charge of the Haggin colonization, and clashes of authority arose between
him and Carr. For example, Carr and Fergusson differed as to the proper size
for the irrigation ditches that were built through the colonies. Gradually


Fergusson superseded Carr in the control of different departments of the
Haggin activities, and it was not in Carr's nature to like a second place. In
the end Carr sold out his interest, and the Kern County Land Company
succeeded to Haggin & Carr. But these initial elements of failure in the
colonization project were under the surface, and the people of Bakersfield
rejoiced over the prospect that at last the great land holdings that had
hedged the town about and impeded its growth and development were to be
broken up. It was like opening the throttle to the pent up energies of the
community, and new enterprises began to spring into life as the restraint was
removed. There were other incentives to hope and progress. At a banquet
tendered him by the citizens of Bakersfield. General Beale announced that
he had plans for the colonization of the Tejon ranch; the Southern Pacific
was grading the Porterville branch railroad; the railroad shops were being
moved to Sumner, and more and more confidence was being placed in the
constant report that the \'alley railroad was soon to be built.

Many Plans for Progress

Under the influence of all these better prospects the Southern Hotel
.Association began the construction of its first building at the corner of
Nineteenth street and Chester avenue ; L. P. St. Clair and O. O. Mattson
undertook the construction of a gas and electric lighting system ; H. H.
Fish, H. A. Blodget and T. J. Packard launched their plans for building a
street railway system, and citizens of the town and land owners of the sur-
rounding country subscribed a fund of $3000 for advertising the county at
Los Angeles, then as now the distributing point for the Eastern home-seekers.
In the spring of 1899 the Postal Telegraph Company completed its line to
Bakersfield, the people of the county voted by 852 to 381 to bond the county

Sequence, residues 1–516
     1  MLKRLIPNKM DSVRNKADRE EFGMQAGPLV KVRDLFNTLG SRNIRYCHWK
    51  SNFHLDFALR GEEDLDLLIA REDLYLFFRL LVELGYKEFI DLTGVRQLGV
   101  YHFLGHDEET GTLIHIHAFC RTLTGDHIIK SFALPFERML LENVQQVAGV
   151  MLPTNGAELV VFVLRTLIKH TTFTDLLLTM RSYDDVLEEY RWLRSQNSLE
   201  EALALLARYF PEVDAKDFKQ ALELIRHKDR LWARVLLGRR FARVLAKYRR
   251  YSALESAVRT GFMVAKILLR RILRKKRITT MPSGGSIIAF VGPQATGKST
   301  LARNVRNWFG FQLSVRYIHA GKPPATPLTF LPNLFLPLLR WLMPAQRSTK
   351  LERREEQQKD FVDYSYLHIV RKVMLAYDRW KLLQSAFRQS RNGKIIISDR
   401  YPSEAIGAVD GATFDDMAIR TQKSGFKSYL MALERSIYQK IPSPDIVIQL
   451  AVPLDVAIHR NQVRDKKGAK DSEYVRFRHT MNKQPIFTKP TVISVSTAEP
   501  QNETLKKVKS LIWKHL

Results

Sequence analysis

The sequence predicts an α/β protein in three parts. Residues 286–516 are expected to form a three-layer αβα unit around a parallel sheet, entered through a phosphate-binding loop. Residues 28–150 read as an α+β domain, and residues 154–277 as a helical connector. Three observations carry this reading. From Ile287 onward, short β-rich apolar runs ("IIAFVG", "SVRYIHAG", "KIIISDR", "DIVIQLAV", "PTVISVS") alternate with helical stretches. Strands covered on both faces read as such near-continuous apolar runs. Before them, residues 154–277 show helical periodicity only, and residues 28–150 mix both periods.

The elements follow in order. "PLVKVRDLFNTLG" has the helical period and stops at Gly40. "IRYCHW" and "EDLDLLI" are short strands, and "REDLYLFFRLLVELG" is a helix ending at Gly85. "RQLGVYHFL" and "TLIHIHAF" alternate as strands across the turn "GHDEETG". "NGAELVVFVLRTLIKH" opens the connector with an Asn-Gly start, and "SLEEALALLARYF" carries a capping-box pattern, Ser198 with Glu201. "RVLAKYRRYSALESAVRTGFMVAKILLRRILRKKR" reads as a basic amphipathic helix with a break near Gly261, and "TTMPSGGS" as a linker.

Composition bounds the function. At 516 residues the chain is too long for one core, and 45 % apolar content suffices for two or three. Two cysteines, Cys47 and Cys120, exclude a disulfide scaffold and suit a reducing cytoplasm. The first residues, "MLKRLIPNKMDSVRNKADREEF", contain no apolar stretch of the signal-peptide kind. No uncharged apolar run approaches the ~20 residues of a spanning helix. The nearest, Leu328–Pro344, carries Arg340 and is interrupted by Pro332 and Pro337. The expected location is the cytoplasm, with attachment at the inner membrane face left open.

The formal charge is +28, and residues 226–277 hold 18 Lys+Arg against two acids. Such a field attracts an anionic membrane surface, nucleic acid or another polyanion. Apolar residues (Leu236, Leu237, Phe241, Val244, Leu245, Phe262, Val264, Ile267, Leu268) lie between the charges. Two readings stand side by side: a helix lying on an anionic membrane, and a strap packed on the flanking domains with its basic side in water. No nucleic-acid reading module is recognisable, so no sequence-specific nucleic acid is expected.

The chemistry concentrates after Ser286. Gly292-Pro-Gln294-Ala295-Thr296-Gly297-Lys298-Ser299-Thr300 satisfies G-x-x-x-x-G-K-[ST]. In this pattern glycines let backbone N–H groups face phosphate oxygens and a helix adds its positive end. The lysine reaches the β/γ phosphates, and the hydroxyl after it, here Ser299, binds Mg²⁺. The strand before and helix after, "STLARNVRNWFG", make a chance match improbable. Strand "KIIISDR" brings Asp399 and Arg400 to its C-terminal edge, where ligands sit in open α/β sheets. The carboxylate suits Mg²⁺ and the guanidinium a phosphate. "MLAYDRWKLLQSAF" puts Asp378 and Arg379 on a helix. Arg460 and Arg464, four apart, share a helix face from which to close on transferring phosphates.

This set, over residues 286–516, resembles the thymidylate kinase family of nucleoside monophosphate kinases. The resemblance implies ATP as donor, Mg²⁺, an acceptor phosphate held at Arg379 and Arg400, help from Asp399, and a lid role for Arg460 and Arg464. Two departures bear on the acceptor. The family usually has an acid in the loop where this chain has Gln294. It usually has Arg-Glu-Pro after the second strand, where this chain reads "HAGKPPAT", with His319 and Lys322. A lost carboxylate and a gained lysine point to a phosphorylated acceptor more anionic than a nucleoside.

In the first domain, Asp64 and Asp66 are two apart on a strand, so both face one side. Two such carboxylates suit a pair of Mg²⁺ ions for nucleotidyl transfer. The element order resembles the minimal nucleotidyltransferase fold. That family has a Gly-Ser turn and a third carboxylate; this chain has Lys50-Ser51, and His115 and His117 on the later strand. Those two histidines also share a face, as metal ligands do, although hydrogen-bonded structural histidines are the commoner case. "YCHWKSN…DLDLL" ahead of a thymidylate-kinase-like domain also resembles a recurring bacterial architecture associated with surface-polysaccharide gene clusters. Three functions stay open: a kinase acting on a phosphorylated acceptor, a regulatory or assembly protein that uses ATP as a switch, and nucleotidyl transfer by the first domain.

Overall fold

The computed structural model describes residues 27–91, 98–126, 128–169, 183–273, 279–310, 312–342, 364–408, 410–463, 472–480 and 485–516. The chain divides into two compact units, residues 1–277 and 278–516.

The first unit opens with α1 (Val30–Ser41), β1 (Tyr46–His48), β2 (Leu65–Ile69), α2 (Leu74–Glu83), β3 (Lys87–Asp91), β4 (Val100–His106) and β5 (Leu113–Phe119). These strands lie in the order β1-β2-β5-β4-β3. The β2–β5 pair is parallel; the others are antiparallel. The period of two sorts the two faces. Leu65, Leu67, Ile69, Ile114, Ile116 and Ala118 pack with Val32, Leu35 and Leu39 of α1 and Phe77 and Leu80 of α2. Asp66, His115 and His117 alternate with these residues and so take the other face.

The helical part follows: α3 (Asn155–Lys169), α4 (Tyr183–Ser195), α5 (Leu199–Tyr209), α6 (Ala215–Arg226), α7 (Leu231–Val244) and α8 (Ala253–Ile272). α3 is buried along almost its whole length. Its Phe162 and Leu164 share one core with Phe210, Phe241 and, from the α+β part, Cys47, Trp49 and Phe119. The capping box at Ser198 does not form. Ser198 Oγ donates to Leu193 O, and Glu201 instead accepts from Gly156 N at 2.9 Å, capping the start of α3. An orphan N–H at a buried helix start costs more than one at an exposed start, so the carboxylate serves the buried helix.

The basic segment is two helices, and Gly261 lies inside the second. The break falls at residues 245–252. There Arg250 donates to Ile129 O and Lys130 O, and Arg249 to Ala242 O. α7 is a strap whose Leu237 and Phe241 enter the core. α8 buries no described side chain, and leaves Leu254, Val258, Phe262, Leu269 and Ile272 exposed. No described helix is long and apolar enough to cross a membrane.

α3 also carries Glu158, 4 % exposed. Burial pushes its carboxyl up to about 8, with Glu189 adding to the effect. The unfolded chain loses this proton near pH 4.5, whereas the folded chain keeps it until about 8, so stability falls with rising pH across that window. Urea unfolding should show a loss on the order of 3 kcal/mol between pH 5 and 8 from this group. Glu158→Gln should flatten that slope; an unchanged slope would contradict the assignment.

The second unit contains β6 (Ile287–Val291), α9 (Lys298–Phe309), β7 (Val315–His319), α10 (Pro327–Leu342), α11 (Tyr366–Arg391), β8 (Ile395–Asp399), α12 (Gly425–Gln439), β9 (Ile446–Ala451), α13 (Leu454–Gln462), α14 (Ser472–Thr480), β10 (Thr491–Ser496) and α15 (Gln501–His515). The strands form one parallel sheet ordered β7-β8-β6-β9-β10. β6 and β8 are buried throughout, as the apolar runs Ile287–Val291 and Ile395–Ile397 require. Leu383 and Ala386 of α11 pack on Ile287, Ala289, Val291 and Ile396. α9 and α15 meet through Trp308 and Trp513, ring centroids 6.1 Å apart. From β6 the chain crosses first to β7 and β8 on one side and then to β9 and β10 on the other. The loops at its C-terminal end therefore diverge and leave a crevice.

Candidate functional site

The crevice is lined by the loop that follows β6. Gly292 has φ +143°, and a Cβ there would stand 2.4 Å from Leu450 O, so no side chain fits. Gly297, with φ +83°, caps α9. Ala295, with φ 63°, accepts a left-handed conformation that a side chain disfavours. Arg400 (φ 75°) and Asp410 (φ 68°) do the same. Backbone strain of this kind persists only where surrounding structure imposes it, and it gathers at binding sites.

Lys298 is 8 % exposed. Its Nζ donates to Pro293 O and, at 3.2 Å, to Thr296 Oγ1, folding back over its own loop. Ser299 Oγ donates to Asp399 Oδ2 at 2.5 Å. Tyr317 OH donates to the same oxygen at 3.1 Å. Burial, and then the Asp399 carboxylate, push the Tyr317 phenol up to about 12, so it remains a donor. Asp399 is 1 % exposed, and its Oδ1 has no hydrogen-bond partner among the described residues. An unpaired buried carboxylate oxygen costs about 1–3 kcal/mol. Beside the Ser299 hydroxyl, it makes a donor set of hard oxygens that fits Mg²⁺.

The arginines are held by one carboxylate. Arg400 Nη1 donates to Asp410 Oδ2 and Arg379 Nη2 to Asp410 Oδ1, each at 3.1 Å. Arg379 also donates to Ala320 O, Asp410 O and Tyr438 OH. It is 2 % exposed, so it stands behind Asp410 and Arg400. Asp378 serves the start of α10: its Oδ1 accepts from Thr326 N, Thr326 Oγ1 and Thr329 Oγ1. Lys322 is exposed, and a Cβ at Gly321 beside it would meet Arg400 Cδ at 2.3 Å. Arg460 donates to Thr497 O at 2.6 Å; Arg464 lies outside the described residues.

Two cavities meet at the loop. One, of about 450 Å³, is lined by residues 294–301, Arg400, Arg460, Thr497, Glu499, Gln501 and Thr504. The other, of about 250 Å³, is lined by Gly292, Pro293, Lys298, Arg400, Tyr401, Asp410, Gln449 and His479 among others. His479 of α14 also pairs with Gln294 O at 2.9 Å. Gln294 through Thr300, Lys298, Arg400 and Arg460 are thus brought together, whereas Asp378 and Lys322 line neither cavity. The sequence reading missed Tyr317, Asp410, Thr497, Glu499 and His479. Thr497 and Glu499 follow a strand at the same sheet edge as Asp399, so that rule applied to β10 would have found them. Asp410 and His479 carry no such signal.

for $250,000 for public improvements including an addition to the court house,
a new jail, a county hospital and the grading and improving of many roads
in different parts of the county.

Fire Wipes Out Business Section

In the midst of all these evidences of progress and while Bakersfield
was looking forward with greater hope and expectancy than ever before in
its history, came the fire of July 7, 1889, and wiped the business part of the
little city clean. The business section of Bakersfield was confined in those
days to the area bounded on the west by I street, on the south by Seven-
teenth, on the east by M, and on the north by Twentieth. Practically every-
thing within these limits was destroyed.

The fire started in or near N. E. Kelsey's residence on Twentieth street
about midway between Chester and I street, just back of where the Bank of
Bakersfield now stands, or about on the spot where the rear quarter of the
bank building is located. J\lrs. Kelsey was getting the Sunday dinner on a
gasoline stove, but as to further details of how the building caught fire
reports differ widely. The volunteer fire department responded to the alarm
with ordinary promptness, and hitched the suction hose of the Silsby steam
fire engine to the old cast iron hydrant that still stands in front of the Southern
Hotel at Nineteenth and Chester. This' hydrant connected with the old Scrib-
ner water system, which was supplied by pumps and wells located at the
southeast corner of Seventeenth street and Chester avenue. The small mains
and the light engine, however, were insufficient to provide a stream that would
check the flames. There was no wind, and the smoke and flames for a time


mounted straight upward. In a very little time the fire spread to the Kelsey
furniture and undertaking establishment on the corner where the Bank of

Online LibraryWallace Melvin MorganHistory of Kern County, California, with biographical sketches of the leading men and women of the county who have been identified with its growth and development from the early days to the present; → online text (page 15 of 177)